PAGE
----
Getting your doctor’s degree with the names on it of both the University of Twente and the University of Münster (WWU), after you did research in both university labs: this will be possible now that the Rectors and responsible Deans of both universities signed an agreement. In the meanwhile, already three PhD students are working within such a ‘Joint Doctorate Program’.
“By doing your research at both the University of Twente and the University of Münster, PhD students will not only enhance their scientific ‘tool box’, but they will also get to know the subtle differences in our cultures. And above all: they will seed the plants for lifelong professional and personal connections”, said Professor Wilfred van der Wiel in his openingsword. At UT he is a Professor of Nano-Electronics, at WWU he is a part-time Professor as well. Recently, he joint a German collaboration on Intelligent Matter, in which his own Center for Brain Inspired Nano Systems (BRAINS) participates as well. Now, three joint PhD students work in this. The first step was that partly Dutch research could be funded by the German ‘Forschungsgemeinschaft’.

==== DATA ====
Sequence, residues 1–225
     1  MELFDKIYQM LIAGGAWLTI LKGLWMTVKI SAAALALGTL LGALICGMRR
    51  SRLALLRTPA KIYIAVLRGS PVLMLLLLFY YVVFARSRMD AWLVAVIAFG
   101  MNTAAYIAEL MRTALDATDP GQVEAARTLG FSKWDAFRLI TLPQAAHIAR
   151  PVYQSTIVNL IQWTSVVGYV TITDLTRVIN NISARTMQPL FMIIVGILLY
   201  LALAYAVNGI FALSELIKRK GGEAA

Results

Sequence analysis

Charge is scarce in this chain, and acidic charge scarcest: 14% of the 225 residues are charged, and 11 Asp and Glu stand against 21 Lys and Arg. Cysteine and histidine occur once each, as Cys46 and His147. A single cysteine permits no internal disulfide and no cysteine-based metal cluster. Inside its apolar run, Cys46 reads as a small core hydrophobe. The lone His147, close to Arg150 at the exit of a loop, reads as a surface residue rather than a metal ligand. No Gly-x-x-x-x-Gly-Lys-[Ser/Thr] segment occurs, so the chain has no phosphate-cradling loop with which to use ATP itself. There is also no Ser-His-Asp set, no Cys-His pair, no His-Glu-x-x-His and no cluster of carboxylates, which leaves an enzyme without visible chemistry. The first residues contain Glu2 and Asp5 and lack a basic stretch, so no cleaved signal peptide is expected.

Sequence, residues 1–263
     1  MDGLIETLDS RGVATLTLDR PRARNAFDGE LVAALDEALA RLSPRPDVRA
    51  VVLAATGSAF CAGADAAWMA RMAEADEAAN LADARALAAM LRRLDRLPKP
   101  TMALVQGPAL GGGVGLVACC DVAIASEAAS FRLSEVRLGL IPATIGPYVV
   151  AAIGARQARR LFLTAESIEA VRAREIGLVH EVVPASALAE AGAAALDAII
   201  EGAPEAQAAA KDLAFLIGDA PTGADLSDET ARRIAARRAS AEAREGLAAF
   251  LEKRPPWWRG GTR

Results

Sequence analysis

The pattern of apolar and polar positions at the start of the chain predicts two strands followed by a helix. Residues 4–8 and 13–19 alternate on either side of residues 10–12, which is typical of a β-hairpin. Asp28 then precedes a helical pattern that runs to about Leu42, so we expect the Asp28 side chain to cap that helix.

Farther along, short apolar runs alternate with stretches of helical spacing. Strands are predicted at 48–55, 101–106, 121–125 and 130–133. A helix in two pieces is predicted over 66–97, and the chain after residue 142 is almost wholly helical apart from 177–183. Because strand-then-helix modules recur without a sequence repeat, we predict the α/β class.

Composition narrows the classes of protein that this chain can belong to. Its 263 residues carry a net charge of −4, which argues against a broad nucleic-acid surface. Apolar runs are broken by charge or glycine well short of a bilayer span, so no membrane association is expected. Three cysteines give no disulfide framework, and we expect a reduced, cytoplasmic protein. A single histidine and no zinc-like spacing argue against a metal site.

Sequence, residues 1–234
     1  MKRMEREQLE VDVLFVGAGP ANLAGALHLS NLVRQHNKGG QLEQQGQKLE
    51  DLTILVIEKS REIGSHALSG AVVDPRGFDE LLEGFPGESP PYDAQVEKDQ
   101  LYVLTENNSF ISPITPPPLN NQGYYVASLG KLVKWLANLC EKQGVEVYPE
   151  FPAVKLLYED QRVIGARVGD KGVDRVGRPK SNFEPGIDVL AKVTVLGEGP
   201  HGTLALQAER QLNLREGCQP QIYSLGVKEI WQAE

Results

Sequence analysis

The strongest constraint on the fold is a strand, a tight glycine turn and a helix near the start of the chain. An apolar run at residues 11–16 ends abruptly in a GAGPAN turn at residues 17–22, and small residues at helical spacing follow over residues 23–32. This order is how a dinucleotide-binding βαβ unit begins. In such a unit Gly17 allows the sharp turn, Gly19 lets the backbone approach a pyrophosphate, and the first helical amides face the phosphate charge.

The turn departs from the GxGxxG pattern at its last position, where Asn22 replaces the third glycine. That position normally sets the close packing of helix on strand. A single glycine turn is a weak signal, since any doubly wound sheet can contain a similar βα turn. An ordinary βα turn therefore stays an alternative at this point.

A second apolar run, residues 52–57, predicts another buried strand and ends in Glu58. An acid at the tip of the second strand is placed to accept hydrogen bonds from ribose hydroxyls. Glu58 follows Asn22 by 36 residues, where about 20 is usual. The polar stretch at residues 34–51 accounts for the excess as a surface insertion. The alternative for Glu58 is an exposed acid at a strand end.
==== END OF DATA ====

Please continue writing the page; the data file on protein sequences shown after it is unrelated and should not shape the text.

The agreement is signed by (left to right) Professor Michael Rohlfing, (Physics, WWU), Professor Joachim Jose (Chemistry and Pharmay, WWU), Professor Johannes Wessels (Rektor, WWU), Professor Tom Veldkamp (Rector Magnificus, UT), Professor Jennifer Herek (Science and Technology, UT) and Professor Joost Kok (Electrical Engineering, Mathematics and Computer Science UT)
Van der Wiel “For these students, the MESA+ NanoLab sometimes has equipment and support that is not present in Münster, but in the same way, I see our students taking their samples, travel to Münster with it and do tests with in, for example, the Centre for Soft NanoScience.”
Having PhD students collaborate across borders, is a great ‘bottom-up’ way of interuniversity collaboration that is now ratified ‘top-down’ using a good set of rules. Sometimes the lab facilities are complementary, and new ways open up in this way. The main thing is that you get to know more viewpoints, by working at both sides of the border. These new connections are valuable. "Human glue is sticky:", according to Professor Van der Wiel. There certainly are some issues in terms of rules and regulations on both sides. For example: who is responsible in the end, for the PhD thesis, who should be in the supervisory committee? These are differences that can be solved, as the new framework agreement demonstrates.
Earlier on, both universities initiated the ‘collaboration grants’, relatively small interuniversity research projects that can act as a flywheel for more collaboration. Wilfred van der Wiel also started with one of these grants. University of Twente Rector Tom Veldkamp considers the joint PhDs as a true boost for further collaboration.
For more information on the joint PhD possibilities: Margriet Dekkers.